CNS' Terry Jeffrey plucked a line from Barack Obama's inauguration speech out of context to falsely accuse him of being overly fond of "nonbelievers." Apparently, Jeffrey then tried to launch his false meme in the conservative community by having one of his reporters do a story on it.
How'd that work out? Not so well (for Jeffrey, anyway).
The Jan. 22 article by Pete Winn stuck to what Obama said, not what Jeffrey said Obama said, accurately stating that Obama merely "mentioned 'non-believers' in his inaugural speech"and putting Obama's full in-context statement at the top: "We are a nation of Christians and Muslims, Jews and Hindus - and non-believers."
Further, the "conservative religious leaders" Winn interviewed weren't taking the bait. Richard Land of the Southern Baptist Convention is quoted as saying, "It struck me as accurate. ... We are a nation of Christians and Jews, and Muslims and Hindus, and Baha’i and agnostics and atheists – although proportionally the vast majority of Americans claim some kind of affiliation with a Christian faith."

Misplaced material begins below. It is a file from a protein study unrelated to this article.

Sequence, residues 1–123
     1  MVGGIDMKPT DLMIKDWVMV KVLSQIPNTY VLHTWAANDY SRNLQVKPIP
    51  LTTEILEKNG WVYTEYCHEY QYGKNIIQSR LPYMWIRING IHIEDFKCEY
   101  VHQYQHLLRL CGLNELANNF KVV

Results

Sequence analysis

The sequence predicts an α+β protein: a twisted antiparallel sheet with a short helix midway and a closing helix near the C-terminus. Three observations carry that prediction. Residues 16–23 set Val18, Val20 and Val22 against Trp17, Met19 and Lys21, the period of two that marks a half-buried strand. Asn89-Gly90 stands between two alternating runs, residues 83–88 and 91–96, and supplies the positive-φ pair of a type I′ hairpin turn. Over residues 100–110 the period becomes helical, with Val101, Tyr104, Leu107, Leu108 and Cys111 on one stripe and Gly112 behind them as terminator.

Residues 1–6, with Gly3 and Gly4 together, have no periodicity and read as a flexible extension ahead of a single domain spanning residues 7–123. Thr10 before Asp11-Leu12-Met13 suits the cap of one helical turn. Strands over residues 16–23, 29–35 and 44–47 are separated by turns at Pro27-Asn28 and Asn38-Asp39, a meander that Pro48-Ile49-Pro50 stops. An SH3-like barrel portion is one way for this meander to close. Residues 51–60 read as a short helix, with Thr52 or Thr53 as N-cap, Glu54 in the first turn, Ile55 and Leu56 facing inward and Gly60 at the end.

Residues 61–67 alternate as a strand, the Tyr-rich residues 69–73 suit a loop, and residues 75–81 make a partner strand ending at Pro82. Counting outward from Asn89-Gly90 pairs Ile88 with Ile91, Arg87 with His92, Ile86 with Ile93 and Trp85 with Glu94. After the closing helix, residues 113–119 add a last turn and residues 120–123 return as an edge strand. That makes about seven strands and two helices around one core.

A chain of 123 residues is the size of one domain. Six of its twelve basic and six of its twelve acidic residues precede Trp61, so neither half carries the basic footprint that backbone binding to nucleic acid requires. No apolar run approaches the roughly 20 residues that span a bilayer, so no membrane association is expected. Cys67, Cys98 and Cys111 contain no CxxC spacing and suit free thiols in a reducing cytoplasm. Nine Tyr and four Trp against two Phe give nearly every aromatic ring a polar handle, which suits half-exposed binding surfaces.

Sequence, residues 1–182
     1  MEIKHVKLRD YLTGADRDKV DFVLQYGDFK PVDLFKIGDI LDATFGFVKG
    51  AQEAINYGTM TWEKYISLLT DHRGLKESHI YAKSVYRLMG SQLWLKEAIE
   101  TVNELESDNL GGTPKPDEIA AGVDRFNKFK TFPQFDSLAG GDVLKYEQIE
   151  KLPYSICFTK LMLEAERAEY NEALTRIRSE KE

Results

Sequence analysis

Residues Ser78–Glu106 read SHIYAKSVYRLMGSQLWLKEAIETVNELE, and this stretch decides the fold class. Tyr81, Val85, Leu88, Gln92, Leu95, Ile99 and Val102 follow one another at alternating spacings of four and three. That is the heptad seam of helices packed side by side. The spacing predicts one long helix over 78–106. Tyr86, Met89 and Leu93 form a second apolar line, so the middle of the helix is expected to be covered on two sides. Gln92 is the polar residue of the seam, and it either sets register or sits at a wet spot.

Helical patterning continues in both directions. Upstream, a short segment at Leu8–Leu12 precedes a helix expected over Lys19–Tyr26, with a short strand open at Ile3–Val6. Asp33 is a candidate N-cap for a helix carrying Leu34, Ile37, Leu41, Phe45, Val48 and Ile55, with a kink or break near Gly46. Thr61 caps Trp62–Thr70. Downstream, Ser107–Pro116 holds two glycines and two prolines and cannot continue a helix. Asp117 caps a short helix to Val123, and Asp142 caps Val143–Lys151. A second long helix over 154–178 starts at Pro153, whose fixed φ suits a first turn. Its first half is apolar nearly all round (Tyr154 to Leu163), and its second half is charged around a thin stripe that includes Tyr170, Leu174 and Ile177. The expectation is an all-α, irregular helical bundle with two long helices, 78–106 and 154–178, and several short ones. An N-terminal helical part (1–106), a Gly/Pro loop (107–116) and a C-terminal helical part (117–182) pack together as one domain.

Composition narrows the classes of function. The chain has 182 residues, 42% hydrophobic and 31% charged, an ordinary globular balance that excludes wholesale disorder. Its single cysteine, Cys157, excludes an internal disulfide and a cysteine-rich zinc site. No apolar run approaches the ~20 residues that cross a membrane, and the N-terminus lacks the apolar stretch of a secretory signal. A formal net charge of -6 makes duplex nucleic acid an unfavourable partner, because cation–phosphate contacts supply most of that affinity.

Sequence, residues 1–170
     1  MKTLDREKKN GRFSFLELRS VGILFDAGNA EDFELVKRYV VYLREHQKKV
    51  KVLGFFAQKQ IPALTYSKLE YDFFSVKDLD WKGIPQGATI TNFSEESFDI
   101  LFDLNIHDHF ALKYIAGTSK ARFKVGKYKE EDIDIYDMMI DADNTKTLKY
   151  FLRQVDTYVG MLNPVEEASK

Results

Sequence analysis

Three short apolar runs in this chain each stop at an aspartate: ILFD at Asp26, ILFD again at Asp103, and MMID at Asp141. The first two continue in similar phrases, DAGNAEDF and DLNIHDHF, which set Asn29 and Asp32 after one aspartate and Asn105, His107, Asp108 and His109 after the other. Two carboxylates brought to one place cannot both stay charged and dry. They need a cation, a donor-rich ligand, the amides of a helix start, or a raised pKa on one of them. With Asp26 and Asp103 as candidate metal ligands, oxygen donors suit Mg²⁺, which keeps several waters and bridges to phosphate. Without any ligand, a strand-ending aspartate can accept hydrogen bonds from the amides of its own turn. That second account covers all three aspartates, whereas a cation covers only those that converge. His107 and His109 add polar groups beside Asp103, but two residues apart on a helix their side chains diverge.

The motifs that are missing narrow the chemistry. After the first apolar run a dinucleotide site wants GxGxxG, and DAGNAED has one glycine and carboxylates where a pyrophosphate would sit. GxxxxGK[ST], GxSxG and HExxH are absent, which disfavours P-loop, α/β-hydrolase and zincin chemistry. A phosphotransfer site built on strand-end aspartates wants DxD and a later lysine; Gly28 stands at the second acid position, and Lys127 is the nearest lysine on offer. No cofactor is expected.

Rev. Robert Sirico, president of the Acton Institute for the Study of Religion and Liberty, is quoted as saying: “I think he’s acknowledging the reality that America is a very diverse culture that is not defined by a doctrinal creed. ... I take no offense at that. The Second Vatican Council acknowledge the reality of unbelievers. In fact, Catholics, every Good Friday, have a whole litany for – to use the phrase that we use -- 'those who have not yet come to believe.'"
Still, with this story fizzling, there's no explanation for why Jeffrey is so offended by Obama's inclusive language.